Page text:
Recently two friends and I had the pleasure of attending a high tea event at Tracycakes Bakery and Cafe in Abbotsford B.C. Canada. The event was hosted by Jolienne Moore who, with Lynn Cris, wrote a book titled ‘Etiquette for the Career Woman, all the Wisdom, Wit and Advice you will ever need to attain Personal and Professional Excellence’. The event focused on the proper way to take high tea so I was very interested in polishing up my manners. Tracy, the owner of the cafe, addressed all the guests and introduced Jolienne Moore.
Tracy, the owner of Tracycakes
Ms. Moore demonstrating how to stand for a picture
Ms. Moore showed us the proper way to greet someone, no wishy-washy handshake! How to hold a purse, how to remove a jacket and how to properly approach and sit in a chair. It was so refined and it made me realize how lacking in social graces most of us have become. Tea was served, I ordered a nice loose leaf Earl Grey all the while Jolienne explained how to properly hold a tea cup, the history behind high tea, the do’s and don’ts of taking tea and restaurant manners in general. Soon the food was brought to the table on fabulous tiered trays, Jolienne explained that we were to take only one item off the tray at a time starting with the savory treats. Then it was the scones and finally the desserts. With the scones, it is bad manners to slather the cream and jam onto the whole scone, the proper way is to put the cream and jam onto the plate, break off a piece of scone, add a touch of cream and jam then eat a small bit at a time. Tea is meant for conversation so eating in small bites allows one to easily finish what we have in our mouths and still be able to engage with our guests. Our food was amazing, I especially enjoyed the lavender cupcakes!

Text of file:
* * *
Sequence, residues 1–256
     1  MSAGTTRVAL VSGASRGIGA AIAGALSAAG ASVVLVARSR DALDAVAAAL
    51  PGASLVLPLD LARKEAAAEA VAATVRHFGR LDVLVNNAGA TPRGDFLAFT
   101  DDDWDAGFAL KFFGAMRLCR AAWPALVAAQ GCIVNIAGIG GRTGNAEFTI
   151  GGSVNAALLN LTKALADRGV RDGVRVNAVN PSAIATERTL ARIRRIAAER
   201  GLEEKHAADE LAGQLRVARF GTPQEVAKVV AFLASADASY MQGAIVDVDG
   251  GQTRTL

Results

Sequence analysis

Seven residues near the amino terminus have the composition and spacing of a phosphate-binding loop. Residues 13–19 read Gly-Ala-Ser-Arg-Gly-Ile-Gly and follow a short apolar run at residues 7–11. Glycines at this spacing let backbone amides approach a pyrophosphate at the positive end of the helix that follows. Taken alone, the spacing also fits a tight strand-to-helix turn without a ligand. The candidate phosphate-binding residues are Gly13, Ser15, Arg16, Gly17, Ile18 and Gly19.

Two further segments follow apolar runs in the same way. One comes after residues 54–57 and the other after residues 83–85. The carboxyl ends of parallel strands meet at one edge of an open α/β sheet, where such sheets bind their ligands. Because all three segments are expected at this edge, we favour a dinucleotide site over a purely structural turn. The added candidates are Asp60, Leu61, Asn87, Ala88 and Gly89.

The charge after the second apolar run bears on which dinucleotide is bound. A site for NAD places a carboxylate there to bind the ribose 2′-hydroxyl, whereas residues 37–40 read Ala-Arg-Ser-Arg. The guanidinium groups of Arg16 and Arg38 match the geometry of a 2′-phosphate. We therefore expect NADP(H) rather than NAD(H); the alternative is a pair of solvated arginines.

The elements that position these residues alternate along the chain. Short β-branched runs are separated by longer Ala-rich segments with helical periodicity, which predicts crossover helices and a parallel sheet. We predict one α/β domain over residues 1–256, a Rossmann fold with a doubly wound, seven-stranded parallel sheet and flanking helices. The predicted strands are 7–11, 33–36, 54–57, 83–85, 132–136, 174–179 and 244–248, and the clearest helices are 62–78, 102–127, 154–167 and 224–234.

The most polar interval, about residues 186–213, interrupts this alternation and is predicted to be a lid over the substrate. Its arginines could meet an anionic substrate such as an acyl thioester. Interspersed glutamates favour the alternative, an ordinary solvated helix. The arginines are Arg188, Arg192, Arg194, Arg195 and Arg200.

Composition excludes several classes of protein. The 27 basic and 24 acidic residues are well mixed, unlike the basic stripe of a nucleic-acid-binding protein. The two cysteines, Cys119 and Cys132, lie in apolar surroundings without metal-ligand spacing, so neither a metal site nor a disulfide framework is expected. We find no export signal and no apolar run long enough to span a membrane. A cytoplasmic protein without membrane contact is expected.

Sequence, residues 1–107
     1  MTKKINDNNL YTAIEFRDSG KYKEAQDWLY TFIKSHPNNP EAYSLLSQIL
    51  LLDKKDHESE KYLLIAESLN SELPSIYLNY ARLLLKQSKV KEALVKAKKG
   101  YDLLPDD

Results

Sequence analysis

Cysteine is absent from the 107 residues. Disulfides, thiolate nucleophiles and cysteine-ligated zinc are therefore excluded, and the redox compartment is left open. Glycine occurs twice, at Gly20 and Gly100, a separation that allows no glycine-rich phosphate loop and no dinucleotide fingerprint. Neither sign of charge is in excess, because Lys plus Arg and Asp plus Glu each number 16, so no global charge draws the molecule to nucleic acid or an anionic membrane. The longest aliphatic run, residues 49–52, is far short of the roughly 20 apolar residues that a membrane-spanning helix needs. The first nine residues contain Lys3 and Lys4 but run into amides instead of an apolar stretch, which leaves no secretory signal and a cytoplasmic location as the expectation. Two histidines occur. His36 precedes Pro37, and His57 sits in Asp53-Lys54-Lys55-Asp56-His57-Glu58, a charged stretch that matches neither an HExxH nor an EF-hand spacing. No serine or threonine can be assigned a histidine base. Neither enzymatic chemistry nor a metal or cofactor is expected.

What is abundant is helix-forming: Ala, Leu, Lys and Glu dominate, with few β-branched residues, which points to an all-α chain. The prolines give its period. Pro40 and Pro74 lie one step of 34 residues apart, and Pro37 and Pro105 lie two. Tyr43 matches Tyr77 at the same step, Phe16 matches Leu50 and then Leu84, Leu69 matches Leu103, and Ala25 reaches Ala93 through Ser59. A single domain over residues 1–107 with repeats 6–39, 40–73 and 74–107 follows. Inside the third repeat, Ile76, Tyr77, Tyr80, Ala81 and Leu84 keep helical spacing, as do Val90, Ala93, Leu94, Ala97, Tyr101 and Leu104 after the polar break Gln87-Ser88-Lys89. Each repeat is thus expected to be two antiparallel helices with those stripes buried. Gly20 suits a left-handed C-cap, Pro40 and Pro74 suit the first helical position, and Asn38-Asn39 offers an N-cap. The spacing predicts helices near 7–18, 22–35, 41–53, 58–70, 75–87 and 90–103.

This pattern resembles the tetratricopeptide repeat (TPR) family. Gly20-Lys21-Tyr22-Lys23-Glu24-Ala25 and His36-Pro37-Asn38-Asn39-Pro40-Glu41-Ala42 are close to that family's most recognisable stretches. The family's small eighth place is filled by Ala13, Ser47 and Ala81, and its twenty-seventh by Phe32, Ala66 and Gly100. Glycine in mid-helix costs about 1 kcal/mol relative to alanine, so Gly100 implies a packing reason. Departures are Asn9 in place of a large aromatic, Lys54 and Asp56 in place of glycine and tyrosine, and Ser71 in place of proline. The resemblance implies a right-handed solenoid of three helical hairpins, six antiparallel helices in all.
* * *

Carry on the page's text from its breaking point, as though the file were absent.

High tea was originally a meal tea with hearty servings of meat and bread, it was consumed after work at high tables. The elegance of high tea as we know it is correctly termed Afternoon tea or Low tea. It was taken in a parlour with low tables like the modern-day coffee table so the term low tea because one has to lean down to reach the items on the table. The event was taken in the afternoon as a light meal meant to satisfy hunger until dinner later in the evening.
After we finished our trays of treats Jolienne showed the guests the proper way to stand when having a picture taken, it was a really special afternoon spent in the good company of my friends Louise and Alicen.
The term Pinkie’s Up dates back to Roman times when the common people ate with all the fingers on their hands while the upper classes ate with only the first two fingers and thumbs, with the outer two fingers extended. It’s not proper to fully extend your pinkie when drinking tea but a little bit is OK!
Here is a link to the divine Tracycakes bakery and Cafe http://tracycakesonline.com/high-tea Jolienne Moore’s website is email@example.com
Personally I learned a lot, I look forward to taking high tea again and I won’t slather my entire scone with jam and cream!